For learning more about outdoor survival, two books I like are How To Stay Alive In The Woods By Bradford Angier and Survival With Style by Angier. I’d guess there are better books today but I’m not familiar with them. I’d suggest you get some books about backpacking. They can provide you with a ton of information. Get out and go hiking!

Charlie Palmer -author The Prepper Next Door

What Are Your Top 3 Prepping Items?

My answer: 1) Water; 2) Food; 3) Gun & Ammo; 4) Good Warm Clothing
Outdoor answer: 1) Knife; 2) Cook kit; 3) Good Warm Clothing; 4) Fire starter

Can you live without a refrigerator?  (My answer: No! Little known fact: Even cavemen had fridges …without refrigeration we all die immediately!)

I like the point about looking to RVers and self-sufficient sailors. They have great information.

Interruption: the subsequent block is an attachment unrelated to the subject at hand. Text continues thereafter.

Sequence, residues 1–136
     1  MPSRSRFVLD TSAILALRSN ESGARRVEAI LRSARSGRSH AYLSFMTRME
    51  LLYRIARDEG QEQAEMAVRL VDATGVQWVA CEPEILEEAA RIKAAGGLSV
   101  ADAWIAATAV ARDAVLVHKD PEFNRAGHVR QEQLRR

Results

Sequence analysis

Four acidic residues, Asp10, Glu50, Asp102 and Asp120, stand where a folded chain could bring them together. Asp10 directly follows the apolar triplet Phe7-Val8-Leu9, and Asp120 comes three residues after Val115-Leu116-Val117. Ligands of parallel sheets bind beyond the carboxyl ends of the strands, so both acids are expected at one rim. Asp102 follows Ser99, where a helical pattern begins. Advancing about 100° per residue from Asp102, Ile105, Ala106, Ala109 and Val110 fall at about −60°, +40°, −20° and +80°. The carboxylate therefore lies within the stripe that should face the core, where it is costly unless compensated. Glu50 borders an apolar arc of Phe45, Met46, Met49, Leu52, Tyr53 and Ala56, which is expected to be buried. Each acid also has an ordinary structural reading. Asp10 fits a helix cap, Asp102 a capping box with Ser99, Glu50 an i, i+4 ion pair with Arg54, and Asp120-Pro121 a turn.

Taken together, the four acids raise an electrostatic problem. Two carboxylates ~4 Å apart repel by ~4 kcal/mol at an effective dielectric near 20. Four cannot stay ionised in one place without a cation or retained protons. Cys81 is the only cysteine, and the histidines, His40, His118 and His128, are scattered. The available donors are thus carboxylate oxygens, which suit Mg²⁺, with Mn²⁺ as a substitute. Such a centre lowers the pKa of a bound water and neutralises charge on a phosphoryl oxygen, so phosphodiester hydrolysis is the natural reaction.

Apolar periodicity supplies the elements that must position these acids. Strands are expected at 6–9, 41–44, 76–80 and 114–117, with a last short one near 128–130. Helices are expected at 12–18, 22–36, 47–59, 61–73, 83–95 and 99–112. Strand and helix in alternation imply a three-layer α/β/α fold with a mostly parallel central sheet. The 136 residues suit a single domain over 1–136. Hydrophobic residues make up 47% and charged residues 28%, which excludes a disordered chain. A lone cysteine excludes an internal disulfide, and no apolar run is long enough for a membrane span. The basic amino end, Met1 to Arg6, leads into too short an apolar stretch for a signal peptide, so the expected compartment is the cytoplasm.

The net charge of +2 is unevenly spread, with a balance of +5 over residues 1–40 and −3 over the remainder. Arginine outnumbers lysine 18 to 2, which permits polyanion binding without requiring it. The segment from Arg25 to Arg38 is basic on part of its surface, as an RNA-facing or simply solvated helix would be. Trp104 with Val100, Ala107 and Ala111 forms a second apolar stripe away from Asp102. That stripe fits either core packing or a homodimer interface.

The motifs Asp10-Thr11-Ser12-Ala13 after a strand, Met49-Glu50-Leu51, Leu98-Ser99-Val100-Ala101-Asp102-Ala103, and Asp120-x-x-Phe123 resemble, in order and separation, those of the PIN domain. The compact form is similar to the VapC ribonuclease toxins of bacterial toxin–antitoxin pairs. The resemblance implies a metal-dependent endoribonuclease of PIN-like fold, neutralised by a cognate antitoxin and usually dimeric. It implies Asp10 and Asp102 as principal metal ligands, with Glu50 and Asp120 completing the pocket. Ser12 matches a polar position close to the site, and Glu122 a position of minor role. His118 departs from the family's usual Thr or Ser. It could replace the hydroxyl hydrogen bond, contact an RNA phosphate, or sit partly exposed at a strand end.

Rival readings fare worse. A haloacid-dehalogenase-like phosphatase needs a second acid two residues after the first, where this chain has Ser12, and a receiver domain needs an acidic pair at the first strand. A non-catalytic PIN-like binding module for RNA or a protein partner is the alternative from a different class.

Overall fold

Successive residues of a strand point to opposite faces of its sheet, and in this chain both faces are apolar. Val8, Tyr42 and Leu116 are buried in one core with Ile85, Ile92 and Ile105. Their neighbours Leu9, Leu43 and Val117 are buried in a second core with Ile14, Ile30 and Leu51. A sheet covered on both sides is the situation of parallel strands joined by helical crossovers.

One tip: Cold air sinks. Most fridges open and the cold air pours out. Small boats have boxes which open at the top. The cold air stays in when it’s opened.

Refrigeration is a pain because of how much energy it takes.

Good article about what goes through your mind if your home is in the path of a raging fire.
“I arrived at our house, the evacuation order was already in place, and I had about an hour to pack up the essentials. ”


8 Responses to “Bug Out Bag Checklist (Part 4)”

  1. thoughtfullyprepping May 20, 2014 at 4:58 am #

    My $0.02 worth?
    BOB and INCH load outs are totally unrealistic in most cases (thanks to the experts) and too much weight let alone bulk for most people.
    Put it all into a car? Cars WILL RUN OUT OF GAS.
    What then? Easy! You leave all that expensive junk ready for when I pass.

    Then I get to use your junk and walk away not having to worry about the washing up.